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Difference between planned and unplanned banks

diciembre 27, 2019

Banks implicate the financial institution that takes public deposits and extends credit to those who need it. They are a substantial part of the financial system, which assists in general economic development. These are generally classified as planned and unplanned banks in India, governed by the Banking Regulation Act of 1949, in which the banks in program they include all commercial banks such as national, foreign, development, cooperative and regional rural banks.

At the other extreme, unclassified banks are banks that do not comply with the rules prescribed by the Reserve Bank of India (RBI). In this excerpt from the article, you can find out about all the relevant differences between planned and unplanned banks in India.

Comparative chart

Basis for comparison Scheduled banks Unplanned banks
SenseThe planned banks are a banking company whose minimum paid-up capital Rs. 25 lakh and does not harm the interest of depositors.Non-scheduled banks are banks that do not comply with the rules specified by the Reserve Bank of India, or claim banks that do not fall into the category of scheduled banks.
Second programListed in the second program.Not listed in the second program.
Cash Reserve RatioMaintained with RBI.Kept with yourself.
BorrowingScheduled banks are authorized to borrow money from the RBI for regular banking purposes.Unscheduled banks are not allowed to borrow money from the RBI for regular banking purposes.
come backTo be presented periodically.No provision for sending periodic returns.
Clearinghouse membersCan become a member of the clearing house.He cannot become a member of the clearing house.

Definition of Bank Scheduled

The banks planned as the name suggests are banks, which are accounted for in the second program of the Reserve Bank of India (RBI) law of 1934. To qualify as a scheduled bank, the bank should comply with the following conditions:

  1. The minimum total value of the paid-up capital and reserve must be Rs. 25 lacs.
  2. The bank requests that the central bank be satisfied that its business is not carried out in such a way as to harm the interests of depositors.
  3. The bank must be a company rather than a sole proprietorship or a partnership company.

The scheduled banks enjoy some rights such as:

  • Right to receive refinancing from the apex bank
  • Titled for the structure of the currency chest.
  • Right to become members of the clearing house

However, they are required to fulfill certain obligations such as maintaining an average daily CRR (Cash Reserve Ratio) balance with the central bank at the rates specified by it. Add to that; these banks must submit returns at regular intervals to the central bank subject to the rules of the Reserve Bank of India Act, 1934 and Banking Regulation Act, 1949.

Types of banks

Definition of unplanned bank

The unplanned bank refers to banks that are not listed in the Reserve Bank of India's second program.

In more precise terms, banks that do not comply with the provisions specified by the central bank, pursuant to the Reserve Bank of India Act, 1934, or according to specific functions, etc. Or in the opinion of the RBI, they are unable to serve and protect the interest of the depositor, they are known as unscheduled banks.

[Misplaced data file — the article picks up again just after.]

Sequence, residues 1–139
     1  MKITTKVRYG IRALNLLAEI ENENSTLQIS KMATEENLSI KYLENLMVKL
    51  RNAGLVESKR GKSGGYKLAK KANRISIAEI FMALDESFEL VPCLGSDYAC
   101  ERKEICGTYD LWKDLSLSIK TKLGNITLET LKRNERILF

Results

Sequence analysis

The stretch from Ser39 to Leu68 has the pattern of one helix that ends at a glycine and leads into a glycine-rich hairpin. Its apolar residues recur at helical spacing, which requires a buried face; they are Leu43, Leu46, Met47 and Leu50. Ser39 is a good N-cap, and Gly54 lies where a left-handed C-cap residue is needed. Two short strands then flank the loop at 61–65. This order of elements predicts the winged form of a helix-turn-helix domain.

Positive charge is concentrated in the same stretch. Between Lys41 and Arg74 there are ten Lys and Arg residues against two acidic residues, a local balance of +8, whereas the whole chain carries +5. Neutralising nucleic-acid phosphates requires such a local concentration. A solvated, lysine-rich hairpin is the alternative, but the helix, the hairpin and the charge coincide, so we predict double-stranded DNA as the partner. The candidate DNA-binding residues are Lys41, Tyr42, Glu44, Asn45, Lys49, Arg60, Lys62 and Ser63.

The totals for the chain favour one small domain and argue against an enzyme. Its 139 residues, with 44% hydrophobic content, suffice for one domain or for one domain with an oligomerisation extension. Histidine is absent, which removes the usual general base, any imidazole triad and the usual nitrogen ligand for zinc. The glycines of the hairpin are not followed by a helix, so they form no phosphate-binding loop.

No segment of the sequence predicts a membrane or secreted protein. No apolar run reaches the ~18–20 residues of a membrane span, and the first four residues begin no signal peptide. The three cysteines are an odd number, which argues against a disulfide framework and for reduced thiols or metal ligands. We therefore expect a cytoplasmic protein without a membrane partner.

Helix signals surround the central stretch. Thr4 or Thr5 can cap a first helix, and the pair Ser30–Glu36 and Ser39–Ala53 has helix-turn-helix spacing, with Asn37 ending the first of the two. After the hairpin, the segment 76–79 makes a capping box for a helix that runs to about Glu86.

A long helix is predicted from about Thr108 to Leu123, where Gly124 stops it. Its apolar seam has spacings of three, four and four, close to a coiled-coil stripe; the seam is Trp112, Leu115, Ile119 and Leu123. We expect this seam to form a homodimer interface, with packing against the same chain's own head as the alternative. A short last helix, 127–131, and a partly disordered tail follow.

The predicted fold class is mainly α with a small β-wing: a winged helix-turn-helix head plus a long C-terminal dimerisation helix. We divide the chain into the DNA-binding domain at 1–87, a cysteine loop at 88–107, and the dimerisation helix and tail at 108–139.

Unplanned banks are also required to maintain the cash reserve requirement, not with the RBI, but with themselves. These are local banks.

Key differences between planned and unplanned banks

The difference between planned and unplanned banks can be clearly traced in the following premises:

  1. A banking company whose paid-up capital Rs. 25 lacs or more and does not harm the interest of depositors, called as a scheduled bank. Otherwise, non-scheduled banks are banks that are unable to comply with the supply of RBI, for scheduled banks.
  2. The programmed banks are those covered in the second Reserve Bank program, while the non-scheduled banks are the banks that are not covered in the second Reserve Bank program.
  3. The planned banks must maintain liquidity reserves with the RBI, according to the rates established by it. On the other hand, the unscheduled bank must also maintain liquidity reserves, but only with themselves.
  4. Scheduled banks have the right to borrow money from the central bank for regular banking purposes. By contrast, non-scheduled banks do not have the right to borrow money from the central bank for regular banking purposes. However, in abnormal conditions, they can request housing from the central bank.
  5. Scheduled banks must submit periodic returns to the Reserve Bank of India. By contrast, there is no such requirement for periodic returns to be submitted to the central bank in the case of non-scheduled banks.
  6. Scheduled banks have the right to become members in the clearing house, while none of these facilities are allowed to non-scheduled banks.

Conclusion

When it comes to privileges, scheduled banks are ahead of unplanned banks. Scheduled banks receive remittances through the offices of the Reserve Bank of India and its agents, free of charge or at discounted rates. In addition, the central bank loan services on the presentation of documents. These services are not provided to non-scheduled banks.

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